Step H) A resist film was formed so as to cover the portions other than the contact hole 152. Titanium with a thickness of 5 nm, and then gold with a thickness of 500 nm, were deposited thereon by a vacuum deposition process to fill the contact hole 152. The titanium-gold film at the portions other than the contact hole was removed by a lift-off process.

The underlying lead line 72, the insulating interlayer 151, the overlying lead line 73, the electrodes 2 and 3, and the conductive film 4 were thereby formed on the substrate 71.

Using an electron source substrate 71 (in FIG. 21) provided with a plurality of composite films 74 arranged in a matrix, which were made by the above steps, an image forming apparatus was produced. The production procedure will now be described with reference to FIGS. 10 and 11.

The electron source substrate 71 provided with a plurality of composite films 74 arranged in a matrix (FIG. 21) was fixed onto a rear plate 81. A face plate 86 with a frame 82 was exactly aligned on the electron-emitting section 71, in which the face plate 86 included a glass substrate 83, and a fluorescent film 84 and a metal back layer 85 formed on the inner face of the glass substrate 83. A frit glass was applied to the connections between the face plate 86, the frame 82, and the rear plate 81, and was then baked at 430 C. for 10 minutes or more in air. The frit glass was also used for connection of the rear plate 81 and the electron source substrate 71.

The fluorescent film 84 had a striped pattern, as shown in FIG. 11A, for a color image forming apparatus. Black stripes 91 a were formed and color fluorescent substances 92 were applied to the gaps between the black stripes 91 a. The back stripes 91 a were composed of graphite as a major component.

A metal back layer 85 was formed on the inner face of the fluorescent film 84, by smoothing (referred to as “filming”) the inner face of the fluorescent film 84 and then by depositing aluminum thereon by a vacuum deposition process.

Since the metal back layer 85 had high conductivity in this example, no transparent electrode, which enhances conductivity of the fluorescent film 84, was formed on the outer face of the fluorescent film 84.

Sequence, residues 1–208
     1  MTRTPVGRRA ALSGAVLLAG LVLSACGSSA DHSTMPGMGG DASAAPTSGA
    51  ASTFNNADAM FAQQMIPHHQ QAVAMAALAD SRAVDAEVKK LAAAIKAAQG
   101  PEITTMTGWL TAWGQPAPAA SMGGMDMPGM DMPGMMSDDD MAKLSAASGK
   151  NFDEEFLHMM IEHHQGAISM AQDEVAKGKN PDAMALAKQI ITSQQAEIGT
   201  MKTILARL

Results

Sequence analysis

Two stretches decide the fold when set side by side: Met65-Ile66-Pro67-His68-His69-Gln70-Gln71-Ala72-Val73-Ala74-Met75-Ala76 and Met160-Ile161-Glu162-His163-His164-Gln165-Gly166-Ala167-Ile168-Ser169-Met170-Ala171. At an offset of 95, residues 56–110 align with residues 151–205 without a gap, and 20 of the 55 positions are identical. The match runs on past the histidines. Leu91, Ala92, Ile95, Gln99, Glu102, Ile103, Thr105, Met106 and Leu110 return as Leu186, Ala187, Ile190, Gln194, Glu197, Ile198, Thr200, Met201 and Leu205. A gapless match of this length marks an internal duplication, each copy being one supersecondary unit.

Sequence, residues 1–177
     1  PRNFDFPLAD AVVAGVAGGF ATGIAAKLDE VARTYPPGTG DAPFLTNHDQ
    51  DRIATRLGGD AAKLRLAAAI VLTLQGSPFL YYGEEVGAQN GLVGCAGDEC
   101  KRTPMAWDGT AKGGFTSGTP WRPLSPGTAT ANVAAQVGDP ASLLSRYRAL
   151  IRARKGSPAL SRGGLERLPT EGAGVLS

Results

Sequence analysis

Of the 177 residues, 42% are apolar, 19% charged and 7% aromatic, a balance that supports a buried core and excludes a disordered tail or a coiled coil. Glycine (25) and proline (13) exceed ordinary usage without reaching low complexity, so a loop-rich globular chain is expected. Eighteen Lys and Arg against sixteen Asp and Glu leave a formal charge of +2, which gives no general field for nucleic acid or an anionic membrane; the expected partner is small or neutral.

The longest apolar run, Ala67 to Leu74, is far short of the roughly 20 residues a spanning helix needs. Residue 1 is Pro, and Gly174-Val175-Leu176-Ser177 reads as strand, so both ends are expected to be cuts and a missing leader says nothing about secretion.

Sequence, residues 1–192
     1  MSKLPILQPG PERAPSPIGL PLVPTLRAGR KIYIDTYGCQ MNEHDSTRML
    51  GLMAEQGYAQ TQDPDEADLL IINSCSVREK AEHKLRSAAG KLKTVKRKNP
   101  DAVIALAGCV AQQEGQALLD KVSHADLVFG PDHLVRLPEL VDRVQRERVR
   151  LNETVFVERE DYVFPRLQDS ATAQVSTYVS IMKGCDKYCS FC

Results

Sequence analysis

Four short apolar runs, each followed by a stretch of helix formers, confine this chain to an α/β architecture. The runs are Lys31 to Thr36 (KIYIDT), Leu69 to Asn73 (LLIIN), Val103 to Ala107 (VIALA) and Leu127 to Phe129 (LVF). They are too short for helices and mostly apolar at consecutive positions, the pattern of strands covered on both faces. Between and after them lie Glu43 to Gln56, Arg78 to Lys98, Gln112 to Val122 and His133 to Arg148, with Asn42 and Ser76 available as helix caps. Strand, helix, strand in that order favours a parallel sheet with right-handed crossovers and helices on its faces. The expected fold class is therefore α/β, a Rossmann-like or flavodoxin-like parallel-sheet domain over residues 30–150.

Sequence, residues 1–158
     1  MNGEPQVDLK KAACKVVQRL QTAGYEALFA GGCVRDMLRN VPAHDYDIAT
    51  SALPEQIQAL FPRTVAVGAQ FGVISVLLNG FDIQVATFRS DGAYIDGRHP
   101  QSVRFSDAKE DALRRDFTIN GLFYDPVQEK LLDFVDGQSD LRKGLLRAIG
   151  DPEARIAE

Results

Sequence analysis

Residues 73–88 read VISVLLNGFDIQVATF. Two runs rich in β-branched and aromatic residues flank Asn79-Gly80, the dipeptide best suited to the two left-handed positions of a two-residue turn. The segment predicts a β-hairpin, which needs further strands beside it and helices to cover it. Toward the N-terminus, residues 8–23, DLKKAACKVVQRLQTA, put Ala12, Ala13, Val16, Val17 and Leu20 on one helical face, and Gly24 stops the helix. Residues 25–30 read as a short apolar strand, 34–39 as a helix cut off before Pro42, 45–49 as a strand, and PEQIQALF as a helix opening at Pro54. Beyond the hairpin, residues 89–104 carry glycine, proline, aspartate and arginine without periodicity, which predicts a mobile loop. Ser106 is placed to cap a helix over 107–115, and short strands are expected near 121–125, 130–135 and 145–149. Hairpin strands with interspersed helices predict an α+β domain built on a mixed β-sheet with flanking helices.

The resulting envelope 88 was evacuated by a vacuum pump through an exhaust tube (not shown in the drawing) to 1.310−4 Pa. A voltage was applied between the electrodes 2 and 3 of each device through the external terminals Dox1 to Doxm and Doy1 to Doyn to form an electron-emitting section 5 by a forming treatment. The forming conditions were the same as those in Example 1.

The electron-emitting section 5 was composed of dispersed palladium particles with an average particle size of 3 nm.

Into the envelope 88, 1.310−1 Pa of acetone, which was deaerated as in Example 1, was introduced as in Example 2, and then a voltage was applied between the electrodes 2 and 3 of each device through the external terminals Dox1 to Doxm and Doy1 to Doyn for activation. Carbonaceous compounds were deposited on each device. The envelope 88 was evacuated to remove acetone and baked at 120 C. for 10 hours. The exhaust tube (not shown in the drawing) was sealed and cut by a gas burner. The sealed envelope 88 was subjected to getter treatment by a radiofrequency heating process to maintain a high vacuum.

In the resulting display panel, the external terminals Dox1 to Doxm (m=100), Doy1 to Doyn (n=300), and the high voltage terminal Hv were connected to the corresponding driving system to complete an image forming apparatus. Scanning signals and modulation signals were applied to electron emission devices through the external terminals Dox1 to Doxm (m=100) and Doy1 to Doyn (n=300) to emit electrons. The emitted electrons were accelerated by a high voltage of several kV or more which is applied to the metal back layer 85 from a high voltage terminal Hv, and collided with the fluorescent film 84 to emit light.

The image forming apparatus in this example has a small depth because of use of the thin display panel. Since the formed electron emission devices have uniform electron emitting characteristics, the formed image is of high quality and high definition.

As described above, the impurities in the organic substance are previously removed before the step forming the thin film composed of carbon or carbonaceous materials on the electron emission device; hence, electron emission devices having superior electron emitting characteristics can be stably produced.

The image forming apparatus according to this method does not have irregular luminance and reduced luminance. Thus, an image forming apparatus having high quality, such as a flat color television, is achieved.

While the present invention has been described with reference to what are presently considered to be the preferred embodiments, it is to be understood that the invention is not limited to the disclosed embodiments. On the contrary, the invention is intended to cover various modifications and equivalent arrangements included within the spirit and scope of the appended claims. The scope of the following claims is to be accorded the broadest interpretation so as to encompass all such modifications and equivalent structures and functions.

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Classifications
U.S. Classification445/6, 445/24
International ClassificationH01J9/02
Cooperative ClassificationH01J9/027
European ClassificationH01J9/02B4